27 February 2012 4 Comments
Lately, I have been seeing quite a bit about games and how games can be used to not only help educate individuals about sustainability issues, but also help solve the challenges it poses. Games provide of the opportunity for friendly competition, lower the barriers to participation and can spur innovation. This three part series will look at a range of games, most available for free online.
Using gamers to collectively explore options: Fold it is a web platform that involves gamers in contributing to important scientific research. Individuals can compete to design new proteins that could be used to prevent or treat diseases like HIV. Planet Hunters allows individuals to look through the massive quantity of images coming back from NASA’s Kepler spacecraft to help look for planets amongst the stars.
Using games to encourage green behaviour: A growing number of sites such Recylebank reward individuals for everyday green behaviours, like recycling, with deals and discounts in the US.
Using games to educate about sustainability: Oceanopolis is a Facebook game based on designed to educate users on sustainable living, in which users protect their island paradise from being buried under recyclable rubbish. Sweatshop is a game that educates users about the realities that many workers around the world contend with each day. Players act as the factory manager and are responsible for hiring workers while ensuring that prices stay down and product numbers stay high.
Using games to show gamers the challenges that businesses face: Karma Tycoon offers gamers the chance to run their own NGO. Oiligarchy puts gamers in the seat of CEO of the world biggest oil company, confronting them with real challenges like corruption.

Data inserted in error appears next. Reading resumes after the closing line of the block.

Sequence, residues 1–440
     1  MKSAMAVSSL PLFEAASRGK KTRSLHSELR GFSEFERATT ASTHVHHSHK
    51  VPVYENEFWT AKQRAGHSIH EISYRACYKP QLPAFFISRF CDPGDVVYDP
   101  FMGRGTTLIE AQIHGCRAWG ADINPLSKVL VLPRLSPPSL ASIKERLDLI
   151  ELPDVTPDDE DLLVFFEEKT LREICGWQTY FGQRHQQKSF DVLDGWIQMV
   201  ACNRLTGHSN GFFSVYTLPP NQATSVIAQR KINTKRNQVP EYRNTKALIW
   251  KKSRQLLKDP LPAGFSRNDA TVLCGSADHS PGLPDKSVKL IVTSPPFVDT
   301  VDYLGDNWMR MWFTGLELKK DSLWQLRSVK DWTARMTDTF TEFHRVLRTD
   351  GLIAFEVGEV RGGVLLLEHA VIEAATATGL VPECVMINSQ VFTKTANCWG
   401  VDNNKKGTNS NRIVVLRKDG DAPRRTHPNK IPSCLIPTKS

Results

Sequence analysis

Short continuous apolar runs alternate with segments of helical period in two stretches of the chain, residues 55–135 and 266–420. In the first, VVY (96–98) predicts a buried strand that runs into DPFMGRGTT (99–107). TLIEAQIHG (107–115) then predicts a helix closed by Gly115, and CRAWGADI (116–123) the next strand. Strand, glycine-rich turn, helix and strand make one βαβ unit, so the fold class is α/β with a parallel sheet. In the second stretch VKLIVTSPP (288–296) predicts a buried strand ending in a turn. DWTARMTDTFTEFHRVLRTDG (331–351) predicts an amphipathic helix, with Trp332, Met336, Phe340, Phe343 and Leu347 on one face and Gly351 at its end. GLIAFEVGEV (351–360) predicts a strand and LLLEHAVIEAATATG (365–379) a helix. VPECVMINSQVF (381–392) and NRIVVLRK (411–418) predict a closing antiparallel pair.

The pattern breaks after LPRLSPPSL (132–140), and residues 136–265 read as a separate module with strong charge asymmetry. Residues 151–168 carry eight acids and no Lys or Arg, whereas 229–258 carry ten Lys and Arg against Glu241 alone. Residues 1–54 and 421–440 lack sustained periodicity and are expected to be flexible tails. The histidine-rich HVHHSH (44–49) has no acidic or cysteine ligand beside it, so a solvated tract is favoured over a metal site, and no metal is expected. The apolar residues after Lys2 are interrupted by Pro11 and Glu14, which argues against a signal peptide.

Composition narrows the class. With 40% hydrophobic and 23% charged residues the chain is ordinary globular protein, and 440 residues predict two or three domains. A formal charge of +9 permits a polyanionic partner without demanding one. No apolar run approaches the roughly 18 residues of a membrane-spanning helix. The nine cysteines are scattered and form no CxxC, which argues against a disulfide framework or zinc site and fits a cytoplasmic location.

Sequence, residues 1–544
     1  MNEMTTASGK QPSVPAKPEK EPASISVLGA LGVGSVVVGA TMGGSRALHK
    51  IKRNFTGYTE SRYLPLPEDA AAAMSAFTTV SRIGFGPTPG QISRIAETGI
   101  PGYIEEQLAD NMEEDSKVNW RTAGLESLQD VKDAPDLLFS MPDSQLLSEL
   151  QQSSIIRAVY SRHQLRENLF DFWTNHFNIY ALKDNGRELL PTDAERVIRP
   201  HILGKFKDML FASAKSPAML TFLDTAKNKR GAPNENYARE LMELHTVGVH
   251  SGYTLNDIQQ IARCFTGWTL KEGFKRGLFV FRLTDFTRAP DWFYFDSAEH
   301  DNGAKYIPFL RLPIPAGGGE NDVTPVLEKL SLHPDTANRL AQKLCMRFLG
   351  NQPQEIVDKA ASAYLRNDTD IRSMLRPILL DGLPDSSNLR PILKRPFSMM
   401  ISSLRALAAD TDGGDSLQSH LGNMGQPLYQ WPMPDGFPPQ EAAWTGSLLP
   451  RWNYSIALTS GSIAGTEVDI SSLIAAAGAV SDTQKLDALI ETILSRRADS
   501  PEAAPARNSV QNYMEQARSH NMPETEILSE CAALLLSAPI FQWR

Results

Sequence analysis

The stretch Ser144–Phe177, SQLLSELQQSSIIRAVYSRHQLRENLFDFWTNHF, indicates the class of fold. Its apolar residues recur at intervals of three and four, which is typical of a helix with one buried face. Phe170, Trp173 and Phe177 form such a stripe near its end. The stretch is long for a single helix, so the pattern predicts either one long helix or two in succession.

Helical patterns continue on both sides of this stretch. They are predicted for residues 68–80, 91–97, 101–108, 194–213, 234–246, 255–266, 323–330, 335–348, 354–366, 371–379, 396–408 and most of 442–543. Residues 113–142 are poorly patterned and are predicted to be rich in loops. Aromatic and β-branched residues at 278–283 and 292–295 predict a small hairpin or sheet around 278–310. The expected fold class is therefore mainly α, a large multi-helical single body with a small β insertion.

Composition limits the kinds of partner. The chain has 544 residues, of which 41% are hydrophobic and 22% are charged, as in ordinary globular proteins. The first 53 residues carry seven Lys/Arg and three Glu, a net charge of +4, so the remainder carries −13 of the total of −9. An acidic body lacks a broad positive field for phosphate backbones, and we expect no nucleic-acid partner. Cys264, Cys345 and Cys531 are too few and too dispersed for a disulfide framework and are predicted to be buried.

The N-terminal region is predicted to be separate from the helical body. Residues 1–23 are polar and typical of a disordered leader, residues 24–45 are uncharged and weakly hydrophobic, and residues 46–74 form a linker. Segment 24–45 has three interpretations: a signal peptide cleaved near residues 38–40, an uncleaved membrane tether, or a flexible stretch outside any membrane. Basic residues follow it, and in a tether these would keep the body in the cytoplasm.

Using games to come up with creative solutions to the world’s problems: Evoke is a ten week crash course in changing the world. The goal of this social network game is to help empower people all over the world to come up with creative solutions to our most urgent social problems. The game was developed by the World Bank Institute and is appropriate for all ages.
Using games to raise awareness about particular issues: The Reebok Human Rights Foundation, International Crisis Group and mtvU created the Darfur Digital Activities Challenge, which brought together technology students to create games to help educate the public about the genocide in Darfur. One of the finalists, Darfur is Dying, requires players to negotiate forces that threaten the survival of their refugee camps.
Using Games for Good: PSFK and Al Gore, with The Climate Reality Project, collaborated in an open source Gaming for Good Challenge where gamers were encouraged to create games that build awareness, promote fundraising, solve the unsolvable, embed knowledge, teach new skills or leverage collective manpower. One of the finalists was the very popular Facebook game, FarmVille, which gives players the change to run their own farms.
Do you use any games or simulations in your classes? Please share your experiences in the discussions area below.